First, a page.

Why would the White House bother to care about Ohio? It’s not Ukraine, Russia or China
Published: Mar 08, 2023 10:16 PM
Is US hyping China threat to cover up Ohio accident? Cartoon: Carlos Latuff

Is US hyping China threat to cover up Ohio accident? Cartoon: Carlos Latuff

When the Ohio train derailment accident came into public view, it had been more than a week since it happened. While toxic chemicals were spreading over East Palestine, American government officials ignored it, and major US media outlets were weirdly slow to cover the story. 

"Breaking news: Ohio government has filed a constitutional amendment to legally change the Ohio state flag to the Ukraine flag so they can get funding from the Biden administration." People mocked when they found out that President Biden made a surprise visit to Kiev rather than Ohio on American President's Day. "That was the biggest slap in the face," East Palestine Mayor Trent Conaway said. "He can send every agency he wants to, but I found out this morning that he was in Ukraine giving millions of dollars away to people over there and not to us."

US Secretary of Transportation Pete Buttigieg had been silent long after the disaster. When he showed up a week later, the disaster was still out of his sight. "It couldn't be a more exciting time for transportation," Buttigieg said when he introduced Biden's $1.2 trillion infrastructure bill. "It's had its challenges ... Partly because of the pandemic ... Now we got balloons." He still remembered to make a cranky joke about balloons but didn't mention a single word about one of the worst environmental emergencies in decades. Silverado Caggiano, a hazardous materials specialist, said, "We basically nuked a town with chemicals so we could get a railroad open."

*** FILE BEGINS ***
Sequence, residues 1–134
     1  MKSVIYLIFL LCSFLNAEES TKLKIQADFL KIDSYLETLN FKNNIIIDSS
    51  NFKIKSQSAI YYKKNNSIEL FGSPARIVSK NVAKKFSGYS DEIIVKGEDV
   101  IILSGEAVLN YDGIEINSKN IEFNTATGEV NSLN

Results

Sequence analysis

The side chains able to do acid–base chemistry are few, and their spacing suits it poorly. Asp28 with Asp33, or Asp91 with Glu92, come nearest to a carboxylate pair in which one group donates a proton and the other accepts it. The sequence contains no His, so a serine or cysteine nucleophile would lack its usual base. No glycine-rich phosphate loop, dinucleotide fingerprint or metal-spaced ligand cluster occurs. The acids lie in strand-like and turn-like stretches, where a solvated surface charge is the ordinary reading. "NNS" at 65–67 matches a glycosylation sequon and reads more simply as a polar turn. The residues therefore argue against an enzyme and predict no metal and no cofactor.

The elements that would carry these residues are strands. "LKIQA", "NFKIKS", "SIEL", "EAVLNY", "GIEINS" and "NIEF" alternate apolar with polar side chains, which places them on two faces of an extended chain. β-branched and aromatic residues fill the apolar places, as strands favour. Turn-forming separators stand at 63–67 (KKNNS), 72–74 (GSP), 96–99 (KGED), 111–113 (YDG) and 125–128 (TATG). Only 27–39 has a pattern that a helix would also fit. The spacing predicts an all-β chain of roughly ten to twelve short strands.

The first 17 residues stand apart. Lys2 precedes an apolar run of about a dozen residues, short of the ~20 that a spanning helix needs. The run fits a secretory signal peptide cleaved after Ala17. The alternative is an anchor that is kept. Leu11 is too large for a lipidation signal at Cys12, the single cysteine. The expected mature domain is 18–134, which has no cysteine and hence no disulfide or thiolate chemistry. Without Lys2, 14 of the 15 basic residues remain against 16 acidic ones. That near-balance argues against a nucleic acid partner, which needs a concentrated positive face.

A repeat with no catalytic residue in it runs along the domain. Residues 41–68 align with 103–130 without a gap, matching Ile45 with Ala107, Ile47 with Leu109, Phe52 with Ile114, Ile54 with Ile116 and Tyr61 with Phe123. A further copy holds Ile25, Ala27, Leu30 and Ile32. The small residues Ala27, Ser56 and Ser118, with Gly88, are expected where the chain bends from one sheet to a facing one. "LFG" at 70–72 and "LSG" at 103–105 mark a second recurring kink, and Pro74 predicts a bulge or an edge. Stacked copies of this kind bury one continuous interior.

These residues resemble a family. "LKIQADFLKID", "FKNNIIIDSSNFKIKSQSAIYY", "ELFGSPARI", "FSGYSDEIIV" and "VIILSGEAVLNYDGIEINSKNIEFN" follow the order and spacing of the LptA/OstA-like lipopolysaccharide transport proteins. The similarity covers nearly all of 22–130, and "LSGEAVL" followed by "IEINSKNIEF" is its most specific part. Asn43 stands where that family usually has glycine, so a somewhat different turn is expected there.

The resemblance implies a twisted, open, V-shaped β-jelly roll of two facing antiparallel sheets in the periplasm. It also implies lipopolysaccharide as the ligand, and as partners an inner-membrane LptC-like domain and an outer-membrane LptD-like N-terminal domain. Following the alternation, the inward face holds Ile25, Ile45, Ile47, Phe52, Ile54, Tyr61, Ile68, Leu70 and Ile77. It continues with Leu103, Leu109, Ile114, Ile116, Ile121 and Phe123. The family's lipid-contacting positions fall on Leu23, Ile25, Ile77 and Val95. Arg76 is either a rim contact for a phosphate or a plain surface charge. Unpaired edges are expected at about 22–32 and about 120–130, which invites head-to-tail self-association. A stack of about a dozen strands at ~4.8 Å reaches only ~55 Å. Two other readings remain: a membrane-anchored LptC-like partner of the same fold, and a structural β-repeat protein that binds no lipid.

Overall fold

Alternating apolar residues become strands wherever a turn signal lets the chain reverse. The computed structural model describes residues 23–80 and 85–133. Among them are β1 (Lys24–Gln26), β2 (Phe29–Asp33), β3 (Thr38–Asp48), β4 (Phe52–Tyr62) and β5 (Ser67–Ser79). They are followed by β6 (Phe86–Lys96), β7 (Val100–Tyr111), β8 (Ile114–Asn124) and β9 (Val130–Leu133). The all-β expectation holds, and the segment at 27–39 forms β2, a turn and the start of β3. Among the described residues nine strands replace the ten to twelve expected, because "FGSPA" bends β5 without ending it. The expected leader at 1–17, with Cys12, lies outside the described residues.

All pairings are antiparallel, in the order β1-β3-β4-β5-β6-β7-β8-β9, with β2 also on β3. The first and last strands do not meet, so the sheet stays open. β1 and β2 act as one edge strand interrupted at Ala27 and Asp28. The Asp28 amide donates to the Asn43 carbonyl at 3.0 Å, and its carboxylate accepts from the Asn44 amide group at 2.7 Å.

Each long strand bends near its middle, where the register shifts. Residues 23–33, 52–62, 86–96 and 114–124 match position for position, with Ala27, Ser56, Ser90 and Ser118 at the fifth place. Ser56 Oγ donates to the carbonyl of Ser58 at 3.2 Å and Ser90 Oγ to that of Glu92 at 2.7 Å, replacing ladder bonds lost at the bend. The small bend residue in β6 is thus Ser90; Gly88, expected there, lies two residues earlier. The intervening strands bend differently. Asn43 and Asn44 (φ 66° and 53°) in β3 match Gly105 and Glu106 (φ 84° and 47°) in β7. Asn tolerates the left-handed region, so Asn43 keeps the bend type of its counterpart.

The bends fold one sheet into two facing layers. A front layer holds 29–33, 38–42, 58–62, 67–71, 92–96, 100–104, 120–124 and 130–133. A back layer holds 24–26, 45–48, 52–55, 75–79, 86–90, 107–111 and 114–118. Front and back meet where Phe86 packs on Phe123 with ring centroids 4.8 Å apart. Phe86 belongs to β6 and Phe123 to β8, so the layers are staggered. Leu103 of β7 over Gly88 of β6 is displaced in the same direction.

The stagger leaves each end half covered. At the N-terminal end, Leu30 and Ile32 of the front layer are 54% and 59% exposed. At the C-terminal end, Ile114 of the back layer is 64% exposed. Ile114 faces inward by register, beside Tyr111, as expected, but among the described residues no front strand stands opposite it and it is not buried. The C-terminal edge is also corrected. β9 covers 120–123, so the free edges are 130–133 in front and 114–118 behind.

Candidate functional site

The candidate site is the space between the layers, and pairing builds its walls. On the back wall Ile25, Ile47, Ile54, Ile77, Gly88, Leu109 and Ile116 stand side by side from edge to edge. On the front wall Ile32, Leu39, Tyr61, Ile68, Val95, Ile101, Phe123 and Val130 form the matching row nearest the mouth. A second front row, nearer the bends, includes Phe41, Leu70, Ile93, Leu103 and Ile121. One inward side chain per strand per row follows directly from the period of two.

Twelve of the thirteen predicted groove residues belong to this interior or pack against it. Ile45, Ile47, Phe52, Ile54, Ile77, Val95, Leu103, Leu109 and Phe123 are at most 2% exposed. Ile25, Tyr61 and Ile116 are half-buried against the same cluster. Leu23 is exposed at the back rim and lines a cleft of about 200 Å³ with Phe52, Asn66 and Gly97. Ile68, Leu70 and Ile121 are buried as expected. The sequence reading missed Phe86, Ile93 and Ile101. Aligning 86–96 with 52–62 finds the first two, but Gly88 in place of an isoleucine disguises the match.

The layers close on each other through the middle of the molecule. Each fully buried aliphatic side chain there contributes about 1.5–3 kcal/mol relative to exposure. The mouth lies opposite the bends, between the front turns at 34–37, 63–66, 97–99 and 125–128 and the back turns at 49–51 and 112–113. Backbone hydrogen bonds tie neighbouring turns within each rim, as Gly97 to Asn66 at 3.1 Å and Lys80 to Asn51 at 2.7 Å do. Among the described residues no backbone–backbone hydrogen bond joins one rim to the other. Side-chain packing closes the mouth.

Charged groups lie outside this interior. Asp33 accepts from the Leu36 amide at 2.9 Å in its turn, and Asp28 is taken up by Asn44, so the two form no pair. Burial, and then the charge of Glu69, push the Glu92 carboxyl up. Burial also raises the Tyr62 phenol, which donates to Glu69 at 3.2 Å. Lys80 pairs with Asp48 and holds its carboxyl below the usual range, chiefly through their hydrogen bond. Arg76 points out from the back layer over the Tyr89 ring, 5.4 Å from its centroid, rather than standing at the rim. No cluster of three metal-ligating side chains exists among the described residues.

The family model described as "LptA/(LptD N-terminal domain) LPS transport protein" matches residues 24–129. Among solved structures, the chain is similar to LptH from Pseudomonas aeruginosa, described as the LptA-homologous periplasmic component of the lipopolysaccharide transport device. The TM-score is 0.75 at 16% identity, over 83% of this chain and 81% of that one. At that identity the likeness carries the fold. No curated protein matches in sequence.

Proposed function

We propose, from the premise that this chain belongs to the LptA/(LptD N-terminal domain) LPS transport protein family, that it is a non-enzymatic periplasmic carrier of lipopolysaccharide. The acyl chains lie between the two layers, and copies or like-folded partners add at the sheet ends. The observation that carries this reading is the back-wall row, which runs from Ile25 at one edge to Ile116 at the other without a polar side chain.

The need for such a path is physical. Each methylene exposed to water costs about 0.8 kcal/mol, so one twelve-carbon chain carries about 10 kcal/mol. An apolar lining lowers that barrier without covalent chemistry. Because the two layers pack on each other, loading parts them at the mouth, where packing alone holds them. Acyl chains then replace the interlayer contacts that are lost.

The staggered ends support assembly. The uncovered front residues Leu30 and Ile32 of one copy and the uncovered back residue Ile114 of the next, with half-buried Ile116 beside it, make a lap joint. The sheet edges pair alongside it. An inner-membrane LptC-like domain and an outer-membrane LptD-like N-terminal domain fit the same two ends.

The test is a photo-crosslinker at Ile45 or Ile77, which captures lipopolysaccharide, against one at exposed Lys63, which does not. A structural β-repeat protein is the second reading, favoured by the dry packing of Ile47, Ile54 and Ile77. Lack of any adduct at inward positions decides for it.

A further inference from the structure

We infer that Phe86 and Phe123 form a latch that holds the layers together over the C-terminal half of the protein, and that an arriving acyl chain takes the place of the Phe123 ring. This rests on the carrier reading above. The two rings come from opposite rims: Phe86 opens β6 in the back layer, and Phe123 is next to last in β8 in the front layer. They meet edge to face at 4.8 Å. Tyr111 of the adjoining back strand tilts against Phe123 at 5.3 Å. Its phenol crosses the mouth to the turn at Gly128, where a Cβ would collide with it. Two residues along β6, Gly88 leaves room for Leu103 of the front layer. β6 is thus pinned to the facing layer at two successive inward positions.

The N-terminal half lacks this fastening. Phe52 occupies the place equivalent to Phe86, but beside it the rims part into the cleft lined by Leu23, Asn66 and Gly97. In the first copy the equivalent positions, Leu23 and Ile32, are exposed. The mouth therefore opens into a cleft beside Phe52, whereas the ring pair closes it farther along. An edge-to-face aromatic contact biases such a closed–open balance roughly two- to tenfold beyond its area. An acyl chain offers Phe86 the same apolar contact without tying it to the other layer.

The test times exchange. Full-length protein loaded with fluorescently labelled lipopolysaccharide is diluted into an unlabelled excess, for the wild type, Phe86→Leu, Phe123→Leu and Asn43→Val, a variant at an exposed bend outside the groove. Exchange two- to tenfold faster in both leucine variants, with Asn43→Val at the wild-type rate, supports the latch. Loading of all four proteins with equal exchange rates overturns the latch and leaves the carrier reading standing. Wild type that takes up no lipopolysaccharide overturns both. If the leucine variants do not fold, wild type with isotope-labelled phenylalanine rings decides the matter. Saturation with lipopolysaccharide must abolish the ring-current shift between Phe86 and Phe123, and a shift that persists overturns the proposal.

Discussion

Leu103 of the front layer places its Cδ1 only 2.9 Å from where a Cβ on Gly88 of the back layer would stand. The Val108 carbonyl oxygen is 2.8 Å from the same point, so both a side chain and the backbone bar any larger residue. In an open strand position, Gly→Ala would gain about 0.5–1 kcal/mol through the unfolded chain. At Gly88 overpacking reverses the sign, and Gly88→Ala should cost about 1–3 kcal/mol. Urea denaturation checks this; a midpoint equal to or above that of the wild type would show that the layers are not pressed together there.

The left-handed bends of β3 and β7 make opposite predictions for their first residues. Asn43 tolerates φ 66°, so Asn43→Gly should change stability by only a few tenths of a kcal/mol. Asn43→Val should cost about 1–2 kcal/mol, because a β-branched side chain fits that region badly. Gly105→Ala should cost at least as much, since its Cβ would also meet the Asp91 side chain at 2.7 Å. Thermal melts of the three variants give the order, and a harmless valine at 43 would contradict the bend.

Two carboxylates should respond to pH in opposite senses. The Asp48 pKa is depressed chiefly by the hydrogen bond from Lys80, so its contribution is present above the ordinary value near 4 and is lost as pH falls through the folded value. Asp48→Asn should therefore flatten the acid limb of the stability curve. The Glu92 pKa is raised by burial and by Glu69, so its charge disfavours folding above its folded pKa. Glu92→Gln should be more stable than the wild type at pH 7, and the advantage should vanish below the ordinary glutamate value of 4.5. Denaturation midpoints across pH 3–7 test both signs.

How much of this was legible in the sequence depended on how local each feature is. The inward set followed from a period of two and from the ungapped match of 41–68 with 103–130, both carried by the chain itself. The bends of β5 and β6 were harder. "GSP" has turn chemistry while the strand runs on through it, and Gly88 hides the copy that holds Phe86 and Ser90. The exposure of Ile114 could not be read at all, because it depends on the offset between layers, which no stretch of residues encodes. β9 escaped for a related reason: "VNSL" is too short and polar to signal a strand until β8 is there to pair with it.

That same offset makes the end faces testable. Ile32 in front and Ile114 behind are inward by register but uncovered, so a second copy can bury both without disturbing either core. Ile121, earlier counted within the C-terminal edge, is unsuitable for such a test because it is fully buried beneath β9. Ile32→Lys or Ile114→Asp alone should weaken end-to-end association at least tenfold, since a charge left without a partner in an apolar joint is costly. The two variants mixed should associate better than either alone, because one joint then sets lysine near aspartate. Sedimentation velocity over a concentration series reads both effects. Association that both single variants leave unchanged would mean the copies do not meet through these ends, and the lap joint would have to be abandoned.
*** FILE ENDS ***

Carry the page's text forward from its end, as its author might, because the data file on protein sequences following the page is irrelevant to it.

In contrast to the collective indifference to the train derailment, the so-called "spy balloon" dominated US media headlines. So how come US media can spot a balloon 40,000 feet high but turn a blind eye to the derailment of 50 train cars? Do they really believe that the "potential threat" of a balloon weighs much more than the release of 1 million pounds of vinyl chloride? 

There is no doubt that politicians love to say to the public anything about China's balloons or Russia's threat, but nothing about their failures in overseeing domestic transportation, which has led to poor management. Between 1990 and 2021, there were on average 1,705 train derailments per year in the US, according to data from the Bureau of Transportation Statistics and the Federal Railroad Administration. In 2021 alone, there were 1,627 train accidents, resulting in 8 deaths and 118 injuries.

Under constant lobbying from the industry and stakeholders, the executive and legislative branches of the US have continuously lowered industry standards and relaxed safety regulations on the transportation of dangerous chemicals. The Obama administration issued safety rules in 2015 that significantly loosened regulatory standards for what types of dangerous chemicals could be used and how they could be transported.

A similar derailment in New Jersey in November 2012 that released 23,000 gallons of vinyl chloride prompted actions to further regulate how the rail industry handled shipments of toxic materials. The push eventually led to a law requiring trains carrying toxic substances to be equipped with electronic braking systems. But the Trump administration rescinded the rule, on account of pressure from lobbyists who argued that the change would be costly for railway companies.

Such attention-diverting tricks will sooner or later be exposed. Hyping the "Russia challenge" or "China threat" is never a panacea for the US' problems. It's a cry-wolf game that eventually destroys trust and leaves the shepherd helpless. 

The author is a commentator on international affairs, writing regularly for the Global Times, China Daily, etc. He can be reached at xinping604@gmail.com